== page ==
Oil Pressure Story - hopefully it will help someone else


Well-known member
Apologies for writing a novel and shifting back and forth between Metric and Standard...

Last October I took our 1995 Defender 110 300tdi off the road to do some maintenance and upgrades. This included the following:

-- New front fenders (sides) to replace cracked plastic ones installed by previous owner. I can tell you that the plastic fenders do not last and crack on the folds.
-- New Allisport radiator
-- New Allisport intercooler
-- New Turner performance head
-- Plumbing for air cleaner to fender (thanks to Baldewin here for the parts)
-- Morgan Hill Boost Pin
-- Fourby Boost Ring
-- Viair Compressor
-- LED headlights
-- Madman gauge

So, the job took awhile as you can imagine. The reason for the gauge was primarily to keep an eye on oil pressure as I thought there was a problem. I replaced the original sender a few months back and still the issue I describe below persisted.

I first noticed there was an oil pressure issue on this truck about a year ago, when the oil light would come on under very specific conditions? 100 KPH, under slight load, usually up a long rise (not a hill) with the throttle held steady. I would hear the relay kick in, and the light would flicker. The slightest release of the throttle made the light go off. We were on a long trip at the time, and after all sorts of nervous humming and hawing we proceeded. As long as we kept it to 90 KPH it never turned on. But this process was fairly repeatable once the oil warmed up. Push it a little and the light would flicker under load. It also always seemed to be raining during the time, and so we were also looking at electrical connections, however never found any problems there.

The previous owner had installed the 300 tdi in the truck from a UK wrecker. This engine, like most we get here in Canada, had no known history. However it ran fairly well and didn't smoke. So he put a new rear main seal and a timing belt kit on it and I purchased the truck from him after he had run about 10,000 km.

Because it was only during a rare circumstance that the light flickered, the oil pressure wasn't the main concern I had with maintenance of the truck, and so I figured I'd deal with a new sender and a gauge when I had the engine torn down to deal with the head last fall.

At that time I installed a Madman gauge I had on hand with a new VDO 5 bar sender, also with oil light connection. The Madman readings confirmed to me that the pressure seems to be too low. I also put a mechanical shop gauge in to verify that it wasn't a sender issue, and it too came up with similar readings.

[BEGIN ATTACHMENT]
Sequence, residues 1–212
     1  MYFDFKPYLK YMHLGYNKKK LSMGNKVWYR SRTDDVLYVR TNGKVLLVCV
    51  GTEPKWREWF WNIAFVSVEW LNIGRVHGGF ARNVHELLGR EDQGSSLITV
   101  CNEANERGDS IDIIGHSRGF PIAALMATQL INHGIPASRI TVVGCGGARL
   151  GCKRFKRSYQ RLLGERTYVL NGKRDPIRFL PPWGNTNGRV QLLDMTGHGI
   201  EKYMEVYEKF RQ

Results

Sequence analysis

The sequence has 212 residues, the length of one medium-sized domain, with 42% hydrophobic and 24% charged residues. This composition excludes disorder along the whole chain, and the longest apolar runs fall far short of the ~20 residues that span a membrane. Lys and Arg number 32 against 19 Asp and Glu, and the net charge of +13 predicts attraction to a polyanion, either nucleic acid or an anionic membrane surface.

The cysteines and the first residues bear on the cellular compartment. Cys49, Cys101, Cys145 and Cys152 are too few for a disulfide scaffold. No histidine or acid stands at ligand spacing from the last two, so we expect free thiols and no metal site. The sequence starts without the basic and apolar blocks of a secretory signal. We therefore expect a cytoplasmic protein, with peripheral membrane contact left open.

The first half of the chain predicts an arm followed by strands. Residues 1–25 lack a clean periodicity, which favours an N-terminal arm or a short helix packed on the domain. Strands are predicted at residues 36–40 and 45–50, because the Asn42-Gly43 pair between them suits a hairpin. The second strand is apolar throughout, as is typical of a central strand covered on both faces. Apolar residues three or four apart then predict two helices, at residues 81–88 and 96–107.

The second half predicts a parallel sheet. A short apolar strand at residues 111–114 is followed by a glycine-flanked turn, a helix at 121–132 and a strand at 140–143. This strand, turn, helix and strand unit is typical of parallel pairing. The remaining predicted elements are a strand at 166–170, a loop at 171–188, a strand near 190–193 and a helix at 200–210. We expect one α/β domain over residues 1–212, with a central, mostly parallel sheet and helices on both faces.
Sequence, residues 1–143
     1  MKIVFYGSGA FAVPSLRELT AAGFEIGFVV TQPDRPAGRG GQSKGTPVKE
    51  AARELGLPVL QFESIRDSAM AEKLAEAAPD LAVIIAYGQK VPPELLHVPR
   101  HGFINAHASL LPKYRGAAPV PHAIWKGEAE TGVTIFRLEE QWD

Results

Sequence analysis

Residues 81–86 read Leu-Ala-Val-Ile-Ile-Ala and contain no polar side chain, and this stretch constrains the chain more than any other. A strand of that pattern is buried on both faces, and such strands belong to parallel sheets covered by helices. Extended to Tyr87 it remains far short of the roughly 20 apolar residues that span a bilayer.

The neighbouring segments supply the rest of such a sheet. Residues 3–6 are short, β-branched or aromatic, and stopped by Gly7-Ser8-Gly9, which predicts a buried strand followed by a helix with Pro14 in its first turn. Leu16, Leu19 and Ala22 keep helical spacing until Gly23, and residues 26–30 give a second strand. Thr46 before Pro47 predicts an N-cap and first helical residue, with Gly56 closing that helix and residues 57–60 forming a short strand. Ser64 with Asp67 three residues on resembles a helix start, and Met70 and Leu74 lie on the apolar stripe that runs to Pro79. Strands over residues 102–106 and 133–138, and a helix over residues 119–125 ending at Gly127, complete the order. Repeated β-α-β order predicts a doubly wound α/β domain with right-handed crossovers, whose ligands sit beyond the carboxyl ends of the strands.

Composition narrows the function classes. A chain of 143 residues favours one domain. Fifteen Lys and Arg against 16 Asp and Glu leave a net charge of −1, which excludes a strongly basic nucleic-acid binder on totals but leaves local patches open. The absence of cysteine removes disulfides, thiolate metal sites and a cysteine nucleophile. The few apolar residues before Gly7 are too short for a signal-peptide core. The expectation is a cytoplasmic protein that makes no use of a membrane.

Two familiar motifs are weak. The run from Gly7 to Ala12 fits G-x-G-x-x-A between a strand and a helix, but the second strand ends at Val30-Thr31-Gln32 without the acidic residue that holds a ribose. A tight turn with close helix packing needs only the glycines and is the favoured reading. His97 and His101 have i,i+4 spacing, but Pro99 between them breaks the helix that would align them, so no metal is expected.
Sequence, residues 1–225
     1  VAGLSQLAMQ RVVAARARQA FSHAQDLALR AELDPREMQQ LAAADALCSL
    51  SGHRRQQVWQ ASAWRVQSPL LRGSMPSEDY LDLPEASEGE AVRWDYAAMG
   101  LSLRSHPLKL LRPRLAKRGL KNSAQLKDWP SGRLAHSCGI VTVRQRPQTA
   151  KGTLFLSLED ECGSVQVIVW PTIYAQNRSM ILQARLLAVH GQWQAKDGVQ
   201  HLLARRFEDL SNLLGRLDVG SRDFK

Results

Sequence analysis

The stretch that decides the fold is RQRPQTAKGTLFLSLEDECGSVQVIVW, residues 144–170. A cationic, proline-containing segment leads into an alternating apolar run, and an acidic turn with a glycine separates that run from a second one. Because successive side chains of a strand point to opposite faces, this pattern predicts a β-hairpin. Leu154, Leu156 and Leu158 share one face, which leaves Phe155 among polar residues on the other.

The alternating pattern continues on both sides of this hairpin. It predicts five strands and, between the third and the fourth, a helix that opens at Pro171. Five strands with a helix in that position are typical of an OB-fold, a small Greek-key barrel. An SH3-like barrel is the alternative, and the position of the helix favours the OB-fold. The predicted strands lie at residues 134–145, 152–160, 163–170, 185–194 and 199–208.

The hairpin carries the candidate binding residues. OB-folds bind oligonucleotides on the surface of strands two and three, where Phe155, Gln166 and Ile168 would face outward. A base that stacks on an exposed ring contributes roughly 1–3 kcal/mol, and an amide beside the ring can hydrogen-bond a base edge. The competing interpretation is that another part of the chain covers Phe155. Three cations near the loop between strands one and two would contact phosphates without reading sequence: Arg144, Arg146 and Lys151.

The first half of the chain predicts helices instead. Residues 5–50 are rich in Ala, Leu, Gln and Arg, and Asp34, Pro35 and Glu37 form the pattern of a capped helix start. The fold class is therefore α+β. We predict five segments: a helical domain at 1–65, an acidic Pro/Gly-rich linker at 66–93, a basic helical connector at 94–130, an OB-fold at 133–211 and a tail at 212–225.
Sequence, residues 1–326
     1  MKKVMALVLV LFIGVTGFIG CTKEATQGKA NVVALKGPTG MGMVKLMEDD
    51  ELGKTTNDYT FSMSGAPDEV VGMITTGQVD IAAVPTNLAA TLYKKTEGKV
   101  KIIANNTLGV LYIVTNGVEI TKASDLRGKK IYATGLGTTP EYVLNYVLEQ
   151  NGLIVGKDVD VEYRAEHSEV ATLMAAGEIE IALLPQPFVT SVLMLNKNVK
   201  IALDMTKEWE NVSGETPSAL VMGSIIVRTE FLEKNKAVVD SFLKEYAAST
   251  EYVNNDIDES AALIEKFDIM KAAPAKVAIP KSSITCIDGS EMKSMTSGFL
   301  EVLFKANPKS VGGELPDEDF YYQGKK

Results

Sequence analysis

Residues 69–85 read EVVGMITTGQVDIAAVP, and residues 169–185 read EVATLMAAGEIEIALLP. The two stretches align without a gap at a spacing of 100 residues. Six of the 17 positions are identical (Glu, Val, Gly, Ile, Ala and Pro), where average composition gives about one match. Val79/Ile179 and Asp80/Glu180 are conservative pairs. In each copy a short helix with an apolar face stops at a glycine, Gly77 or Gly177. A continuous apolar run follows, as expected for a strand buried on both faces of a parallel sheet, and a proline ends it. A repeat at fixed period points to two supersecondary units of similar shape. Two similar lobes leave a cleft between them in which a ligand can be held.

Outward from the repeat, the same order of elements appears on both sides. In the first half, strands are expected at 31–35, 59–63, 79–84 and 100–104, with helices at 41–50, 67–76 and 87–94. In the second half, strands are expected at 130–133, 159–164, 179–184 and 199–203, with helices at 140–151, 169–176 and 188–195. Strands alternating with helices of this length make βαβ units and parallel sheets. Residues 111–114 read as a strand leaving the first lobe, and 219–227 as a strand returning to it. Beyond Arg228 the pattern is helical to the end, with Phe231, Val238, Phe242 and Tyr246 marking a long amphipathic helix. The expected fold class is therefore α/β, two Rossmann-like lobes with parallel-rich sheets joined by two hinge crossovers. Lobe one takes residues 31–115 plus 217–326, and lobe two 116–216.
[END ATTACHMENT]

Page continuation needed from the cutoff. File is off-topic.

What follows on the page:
idle cold: 25 psi

idle warm: 15-20 psi

pressure at 2000 RPM warm: 15-20 psi

pressure at 2500 RPM warm: 11-15 psi

pressure at 3000 RPM warm: 8-12 psi

As it gets fully hot (water temp 86C) pressures get lower and at 2500 - 3000 seems to decrease to 8 psi, even flickered to 6-7 a couple of times. This was tested driving on city streets around 60 KPH in 3rd/4th. I did not take it on the highway in 5th but the RPM ranges would be similar.

Oil is Shell Rotella T4 15W40 in case anyone wonders. I tried Rotella T4 10W30 and the numbers were lower still with oil light coming on around 2500 RPM under load.

So, started doing some Interweb research?

Is it a worn pump?
Is it a worn timing case, which is aluminum and the pump may have worn out?
Is it a worn pump cover?
Might it be worn mains, rods or cam bearings?
Might it be worn out turbo?
Might it be a worn oil pressure relief spring?
Might it be a plugged up pickup tube?

All of these I considered and started going through the process of crossing from the list. The pump, pump cover and timing case went to the end of the list because that requires the most work just after completing a total top end overhaul and installation of new rad and intercooler. Definitely wasn't looking forward to tearing it all down again.

So I started with checking on the turbo. I went to a local turbo rebuilder and discussed. He felt that if the turbo bearings were worn to the point of dumping out all the oil thus causing low pressure the turbo wouldn't function. His opinion was that low oil pressure can damage a turbo, but a turbo is unlikely to cause low oil pressure. I agreed for now and tentatively crossed it off the list. (Note it got on the list because as I was replacing the boost pin, I removed the banjo bolt and top cover of the injection pump, and this cavity was full of oil. I assumed the worst however I've been told by the turbo/bosch pump rebuilder that its not abnormal over time to have oil in there).

Next I decide to drop the oil pan and see what it looked like inside. Everything looks well lubed and no signs of wear, very little in the way of solids (a little gasket fibre) in the bottom and the screen not blocked at all. Also no shiny stuff built up.